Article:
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What will happen to my business in the divorce?

Starting up a new business takes a toll on a person's health and can eventually even affect their marriage. While a Missouri resident is working hard to start up their business, their spouse may be on the way out of their marriage, leaving the other person confused, emotionally distraught and financially vulnerable. With between 40 and 50 percent of all first marriages ending in divorce in the country, the end of a marriage is not so out of the question that one should not take precautions to protect the business they have worked so hard to create.

If a divorce seems imminent, then one of the most important steps spouses should take is keeping good records and keeping the family finances separate from the business ones. This means not to borrow from the family account to pay for the business fuel. In addition to this, it might be beneficial to pay oneself a good salary from the onset-the more assets available, the more there are to split.

In divorce settlements, generally the couple's total assets are added up and then sold. The individual who built up the business should consider forfeiting other assets in favor of retaining 100 percent ownership of the business. Similarly, getting an outside third-party to evaluate the business and then review the figure is beneficial for everyone involved and ensures everyone is treated fairly. If capital is needed to make payments to a spouse over time, it might make sense to sell a minority stake in the business to employees and raise capital in this way.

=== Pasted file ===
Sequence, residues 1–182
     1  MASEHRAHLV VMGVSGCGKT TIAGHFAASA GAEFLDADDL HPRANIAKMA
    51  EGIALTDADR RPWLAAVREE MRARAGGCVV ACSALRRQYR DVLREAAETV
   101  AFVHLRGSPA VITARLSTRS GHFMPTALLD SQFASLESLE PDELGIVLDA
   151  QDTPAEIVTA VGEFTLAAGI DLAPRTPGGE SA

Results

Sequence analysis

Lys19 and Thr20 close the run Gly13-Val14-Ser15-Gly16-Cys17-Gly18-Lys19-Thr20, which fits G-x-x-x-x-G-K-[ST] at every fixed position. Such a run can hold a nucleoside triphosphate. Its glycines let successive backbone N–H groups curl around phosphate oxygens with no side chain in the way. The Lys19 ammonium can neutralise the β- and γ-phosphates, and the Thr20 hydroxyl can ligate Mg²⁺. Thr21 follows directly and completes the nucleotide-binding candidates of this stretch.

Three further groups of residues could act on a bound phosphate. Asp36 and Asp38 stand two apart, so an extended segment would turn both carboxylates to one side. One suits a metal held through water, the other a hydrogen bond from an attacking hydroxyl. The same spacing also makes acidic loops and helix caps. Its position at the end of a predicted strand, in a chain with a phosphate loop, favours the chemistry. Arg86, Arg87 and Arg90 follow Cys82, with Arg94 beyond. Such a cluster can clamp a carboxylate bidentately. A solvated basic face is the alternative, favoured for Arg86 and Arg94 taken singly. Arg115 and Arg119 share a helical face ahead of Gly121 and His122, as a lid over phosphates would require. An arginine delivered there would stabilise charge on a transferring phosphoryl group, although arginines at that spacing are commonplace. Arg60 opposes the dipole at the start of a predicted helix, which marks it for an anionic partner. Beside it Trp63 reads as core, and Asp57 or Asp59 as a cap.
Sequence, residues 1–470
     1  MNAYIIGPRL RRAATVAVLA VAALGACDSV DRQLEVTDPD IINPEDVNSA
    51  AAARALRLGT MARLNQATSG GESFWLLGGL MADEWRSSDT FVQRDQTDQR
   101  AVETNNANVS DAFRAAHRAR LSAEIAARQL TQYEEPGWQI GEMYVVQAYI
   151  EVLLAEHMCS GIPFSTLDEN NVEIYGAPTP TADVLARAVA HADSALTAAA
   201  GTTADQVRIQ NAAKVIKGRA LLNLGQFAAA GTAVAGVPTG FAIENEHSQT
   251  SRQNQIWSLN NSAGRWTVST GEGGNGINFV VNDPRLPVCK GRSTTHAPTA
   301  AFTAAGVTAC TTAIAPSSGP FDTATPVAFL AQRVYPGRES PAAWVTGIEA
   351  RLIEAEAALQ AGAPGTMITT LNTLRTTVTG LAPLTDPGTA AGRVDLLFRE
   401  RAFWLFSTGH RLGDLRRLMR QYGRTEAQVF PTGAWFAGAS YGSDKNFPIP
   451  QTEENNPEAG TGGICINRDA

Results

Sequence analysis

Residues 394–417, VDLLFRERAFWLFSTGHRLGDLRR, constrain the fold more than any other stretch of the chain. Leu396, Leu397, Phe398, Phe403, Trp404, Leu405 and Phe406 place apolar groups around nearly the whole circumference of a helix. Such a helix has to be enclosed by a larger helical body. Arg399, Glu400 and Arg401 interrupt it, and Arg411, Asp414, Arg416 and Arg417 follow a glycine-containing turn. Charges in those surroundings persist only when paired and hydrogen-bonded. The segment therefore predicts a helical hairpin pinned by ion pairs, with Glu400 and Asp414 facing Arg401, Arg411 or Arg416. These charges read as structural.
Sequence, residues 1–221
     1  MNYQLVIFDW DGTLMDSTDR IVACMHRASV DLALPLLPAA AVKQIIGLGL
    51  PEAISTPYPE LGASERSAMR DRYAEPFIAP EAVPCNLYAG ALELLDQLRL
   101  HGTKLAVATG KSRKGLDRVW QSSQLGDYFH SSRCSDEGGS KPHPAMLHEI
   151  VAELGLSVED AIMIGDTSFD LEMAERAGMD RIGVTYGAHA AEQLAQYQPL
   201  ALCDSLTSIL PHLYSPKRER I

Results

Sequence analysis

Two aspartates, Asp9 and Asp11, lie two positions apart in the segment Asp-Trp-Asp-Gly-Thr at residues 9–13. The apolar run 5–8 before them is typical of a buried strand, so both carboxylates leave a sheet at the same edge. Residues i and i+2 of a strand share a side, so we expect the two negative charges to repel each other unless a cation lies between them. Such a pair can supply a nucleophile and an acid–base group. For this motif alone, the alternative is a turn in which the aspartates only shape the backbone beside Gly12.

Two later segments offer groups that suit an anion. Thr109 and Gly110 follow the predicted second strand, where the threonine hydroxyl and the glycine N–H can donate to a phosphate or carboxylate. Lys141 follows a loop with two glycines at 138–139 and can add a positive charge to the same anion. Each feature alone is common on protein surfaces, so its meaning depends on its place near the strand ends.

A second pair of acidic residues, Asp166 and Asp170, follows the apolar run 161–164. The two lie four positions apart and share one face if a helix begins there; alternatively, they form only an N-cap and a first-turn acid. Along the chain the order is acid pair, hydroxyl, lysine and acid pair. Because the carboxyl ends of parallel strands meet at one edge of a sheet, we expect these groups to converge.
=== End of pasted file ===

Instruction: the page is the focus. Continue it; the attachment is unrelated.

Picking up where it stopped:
Divvying up business assets in a high asset divorce is difficult, especially since so much is at stake. Either a person stands to lose their hard-earned business or fears they will end up becoming their ex's business partner. Getting an experienced attorney on one's side for sound property division advice can prove beneficial in the long run.

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Joseph J. Porzenski
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